Intellectual property and patents
Intellectual property (IP) and patents play a significant role in the clinical translation of innovative technologies, including tumor-derived systems. These factors are crucial considerations due to their potential impact on the successful commercialization and adoption of these systems in clinical practice. One of the primary concerns related to IP is the need for researchers and developers to protect their novel inventions and discoveries. Obtaining patents provides legal protection and exclusive rights over intellectual property, preventing others from using, manufacturing, or selling the same technology without permission . By securing patents for tumor-derived systems, researchers and companies can establish ownership and control over their innovations, which is essential for attracting investment, establishing partnerships, and commercializing the technology.
The presence of intellectual property protection fosters a competitive environment by incentivizing innovation and research and development activities. Companies and investors are more willing to invest resources and capital into translating tumor-derived systems into clinical applications when they have a strong IP portfolio . The existence of patents can provide a competitive advantage, enabling the development of market exclusivity and generating revenue through licensing agreements or product sales. In the context of clinical translation, IPs and patents also contribute to technology transfer and collaboration between academia and industry. Researchers and academic institutions may collaborate with industry partners to further develop and commercialize tumor-derived systems. IP rights and licensing agreements facilitate the transfer of technology from academic settings to the private sector, enabling the necessary resources, expertise, and infrastructure for clinical translation .
Moreover, IP considerations also influence regulatory pathways and market entry strategies. Patents can impact the ability of other companies or organizations to develop similar technologies, creating barriers to entry for potential competitors. This exclusivity can offer a certain level of market protection and enable the patent holder to gain a foothold in the market . However, it is crucial to balance IP protection with considerations of accessibility and affordability to ensure that innovative technologies, such as tumor-derived systems, are accessible to patients in need. Additionally, IP and patents can influence pricing and reimbursement considerations. The existence of patent protection can allow companies to establish pricing strategies that recoup investment costs and drive profit. However, it is important to strike a balance between recouping investment and ensuring affordability for patients and healthcare systems . The cost-effectiveness and potential health benefits of tumor-derived systems must be carefully evaluated to determine their value proposition in relation to existing treatment options.
Conclusion and future outlook
The growing body of scientific literature on tumor-derived systems underscores their pivotal role in cancer research and therapy. This suggests that this field will remain a focal point of research in the years ahead. Tumor-derived systems hold immense promise due to their inherent biological relevance, making them valuable tools for unraveling cancer biology and forging new therapeutic avenues. In this comprehensive review, we aim to explore tumor-derived systems in depth, tracing their scientific roots as potential biomedical instruments for cutting-edge applications. By delving into these systems' technical intricacies and scientific rationale, we aim to inspire the research community to propel these platforms to the forefront of our battle against cancer.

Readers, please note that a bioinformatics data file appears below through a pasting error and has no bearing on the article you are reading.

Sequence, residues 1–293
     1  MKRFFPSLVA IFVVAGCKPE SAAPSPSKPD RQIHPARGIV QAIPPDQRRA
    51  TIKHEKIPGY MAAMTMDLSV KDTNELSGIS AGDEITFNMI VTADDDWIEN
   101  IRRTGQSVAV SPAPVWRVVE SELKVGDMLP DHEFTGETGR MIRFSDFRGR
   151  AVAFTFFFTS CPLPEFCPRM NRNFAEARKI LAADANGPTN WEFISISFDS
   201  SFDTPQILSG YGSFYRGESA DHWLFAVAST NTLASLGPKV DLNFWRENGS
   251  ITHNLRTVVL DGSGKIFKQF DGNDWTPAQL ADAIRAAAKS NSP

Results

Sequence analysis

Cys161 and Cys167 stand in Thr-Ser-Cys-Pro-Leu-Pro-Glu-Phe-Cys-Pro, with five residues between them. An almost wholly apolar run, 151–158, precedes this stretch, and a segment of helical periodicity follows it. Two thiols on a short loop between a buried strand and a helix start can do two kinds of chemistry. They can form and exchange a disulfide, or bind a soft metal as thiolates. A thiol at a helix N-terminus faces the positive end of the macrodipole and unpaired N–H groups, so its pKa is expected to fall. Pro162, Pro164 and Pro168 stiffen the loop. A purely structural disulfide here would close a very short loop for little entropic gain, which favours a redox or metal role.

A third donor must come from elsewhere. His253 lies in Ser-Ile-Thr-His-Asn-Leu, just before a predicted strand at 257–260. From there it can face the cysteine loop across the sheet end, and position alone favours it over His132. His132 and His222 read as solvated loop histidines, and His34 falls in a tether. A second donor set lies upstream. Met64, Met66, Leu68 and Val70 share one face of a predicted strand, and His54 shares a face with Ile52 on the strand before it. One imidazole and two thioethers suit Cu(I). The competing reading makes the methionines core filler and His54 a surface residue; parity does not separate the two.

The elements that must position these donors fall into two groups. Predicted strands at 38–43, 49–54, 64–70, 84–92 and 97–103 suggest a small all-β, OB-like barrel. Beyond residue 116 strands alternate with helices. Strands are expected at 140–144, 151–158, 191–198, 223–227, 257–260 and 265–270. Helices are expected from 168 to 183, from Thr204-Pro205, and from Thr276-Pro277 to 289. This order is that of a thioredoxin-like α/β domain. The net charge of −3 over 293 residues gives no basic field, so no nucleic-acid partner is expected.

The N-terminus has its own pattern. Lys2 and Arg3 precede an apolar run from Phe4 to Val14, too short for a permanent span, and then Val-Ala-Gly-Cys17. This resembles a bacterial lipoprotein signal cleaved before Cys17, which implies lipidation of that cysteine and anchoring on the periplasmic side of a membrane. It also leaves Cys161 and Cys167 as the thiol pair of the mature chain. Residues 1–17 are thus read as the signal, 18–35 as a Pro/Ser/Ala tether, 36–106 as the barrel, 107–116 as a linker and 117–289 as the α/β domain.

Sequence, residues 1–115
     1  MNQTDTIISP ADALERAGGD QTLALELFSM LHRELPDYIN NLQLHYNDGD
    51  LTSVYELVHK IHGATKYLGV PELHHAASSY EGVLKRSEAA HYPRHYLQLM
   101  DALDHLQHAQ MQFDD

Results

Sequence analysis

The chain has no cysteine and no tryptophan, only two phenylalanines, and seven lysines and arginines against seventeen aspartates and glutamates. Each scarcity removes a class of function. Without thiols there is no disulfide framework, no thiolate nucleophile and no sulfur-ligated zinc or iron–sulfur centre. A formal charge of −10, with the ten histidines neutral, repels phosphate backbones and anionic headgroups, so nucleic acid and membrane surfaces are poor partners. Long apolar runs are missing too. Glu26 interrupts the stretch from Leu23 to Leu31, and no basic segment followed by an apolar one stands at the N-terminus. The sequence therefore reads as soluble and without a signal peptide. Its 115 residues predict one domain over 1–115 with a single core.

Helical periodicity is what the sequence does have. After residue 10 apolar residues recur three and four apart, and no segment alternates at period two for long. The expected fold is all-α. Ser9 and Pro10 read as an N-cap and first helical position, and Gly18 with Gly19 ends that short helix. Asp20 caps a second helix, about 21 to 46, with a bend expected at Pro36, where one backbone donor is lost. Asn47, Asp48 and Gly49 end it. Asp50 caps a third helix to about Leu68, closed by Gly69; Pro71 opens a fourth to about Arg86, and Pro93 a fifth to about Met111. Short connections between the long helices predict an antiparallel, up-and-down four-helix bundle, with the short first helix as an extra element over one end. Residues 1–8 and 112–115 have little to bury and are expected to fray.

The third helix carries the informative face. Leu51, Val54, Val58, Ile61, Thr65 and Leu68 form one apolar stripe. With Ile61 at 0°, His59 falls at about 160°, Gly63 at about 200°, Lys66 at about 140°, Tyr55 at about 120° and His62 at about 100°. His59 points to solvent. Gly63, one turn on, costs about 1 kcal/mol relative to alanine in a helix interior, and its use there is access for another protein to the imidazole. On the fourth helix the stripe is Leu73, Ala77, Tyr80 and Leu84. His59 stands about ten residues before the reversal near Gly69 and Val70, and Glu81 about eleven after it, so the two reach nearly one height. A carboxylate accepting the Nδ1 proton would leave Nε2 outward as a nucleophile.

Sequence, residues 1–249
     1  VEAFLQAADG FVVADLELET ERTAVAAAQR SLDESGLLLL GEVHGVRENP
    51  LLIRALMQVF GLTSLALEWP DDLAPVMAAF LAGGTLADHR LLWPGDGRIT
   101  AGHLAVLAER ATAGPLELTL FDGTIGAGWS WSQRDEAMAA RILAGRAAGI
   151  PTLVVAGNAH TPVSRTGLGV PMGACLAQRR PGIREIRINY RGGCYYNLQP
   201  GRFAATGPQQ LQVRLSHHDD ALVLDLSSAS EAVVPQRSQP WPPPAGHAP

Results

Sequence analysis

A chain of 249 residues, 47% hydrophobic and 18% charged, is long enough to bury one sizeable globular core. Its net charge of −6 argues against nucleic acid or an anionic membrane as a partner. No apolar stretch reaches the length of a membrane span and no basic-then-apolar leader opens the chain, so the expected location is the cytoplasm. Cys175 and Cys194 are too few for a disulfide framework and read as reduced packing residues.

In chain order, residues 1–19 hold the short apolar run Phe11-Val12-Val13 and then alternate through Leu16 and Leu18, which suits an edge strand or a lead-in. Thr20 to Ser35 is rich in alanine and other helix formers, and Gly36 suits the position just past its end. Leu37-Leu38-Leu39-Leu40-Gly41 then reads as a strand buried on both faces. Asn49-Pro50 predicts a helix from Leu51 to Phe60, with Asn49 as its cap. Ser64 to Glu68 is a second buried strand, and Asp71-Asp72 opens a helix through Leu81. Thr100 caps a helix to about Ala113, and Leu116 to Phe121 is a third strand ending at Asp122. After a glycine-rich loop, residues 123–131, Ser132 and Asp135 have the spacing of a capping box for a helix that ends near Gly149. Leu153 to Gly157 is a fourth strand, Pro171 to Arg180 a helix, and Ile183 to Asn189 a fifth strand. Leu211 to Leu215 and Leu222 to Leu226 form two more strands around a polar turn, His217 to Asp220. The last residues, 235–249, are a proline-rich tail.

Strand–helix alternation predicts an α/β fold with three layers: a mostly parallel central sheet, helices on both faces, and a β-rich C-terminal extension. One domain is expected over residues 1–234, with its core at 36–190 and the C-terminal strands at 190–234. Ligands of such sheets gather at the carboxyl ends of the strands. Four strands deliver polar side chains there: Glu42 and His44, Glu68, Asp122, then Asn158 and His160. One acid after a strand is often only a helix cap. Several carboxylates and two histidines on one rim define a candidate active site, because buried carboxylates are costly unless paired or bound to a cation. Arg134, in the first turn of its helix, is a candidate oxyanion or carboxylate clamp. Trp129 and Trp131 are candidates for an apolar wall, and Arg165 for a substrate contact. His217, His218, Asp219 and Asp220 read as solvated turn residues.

Among the array of systems discussed earlier, cancer cell-derived EVs have already made substantial strides in clinical diagnostics. EVs serve as a noninvasive source of cancer-specific biomarkers, enabling early detection, diagnosis, and disease progression monitoring. Analyzing EVs allows for the characterization of tumor heterogeneity, with different subsets of cancer EVs potentially bearing unique molecular signatures reflective of distinct tumor subpopulations. This valuable information can guide personalized treatment strategies and monitor treatment responses. Initially, EV-based cancer diagnosis faced challenges, including EV destruction due to factors such as unsuitable temperatures, tensile forces, chemicals, and prolonged storage durations . Recent technological advancements have allowed the analysis of EVs using rapid yet robust techniques. Notably, commercially available and FDA-approved EV-based liquid biopsy kits, such as the ExoDx™ Lung Test (blood-based) and the ExoDx™ Prostate Test (urine-based), employ proprietary EV separation devices in conjunction with quantitative polymerase chain reaction techniques for swift diagnosis of lung and prostate cancer, respectively [302, 303]. Additionally, Exosome Diagnostics, USA, has introduced the "MedOncAlyzer 170," a pancancer liquid biopsy system that simultaneously analyzes exosomal RNA and circulating tumor DNA in a single assay to uncover functionally significant mutations across multiple cancer types . While cost remains a current hurdle, several other EV-based cancer diagnosis systems, such as ExoView™ by NanoView Biosciences and ExoSearchTM by Norgen Biotek Corp., are under development and poised to reduce costs as they gain widespread usage.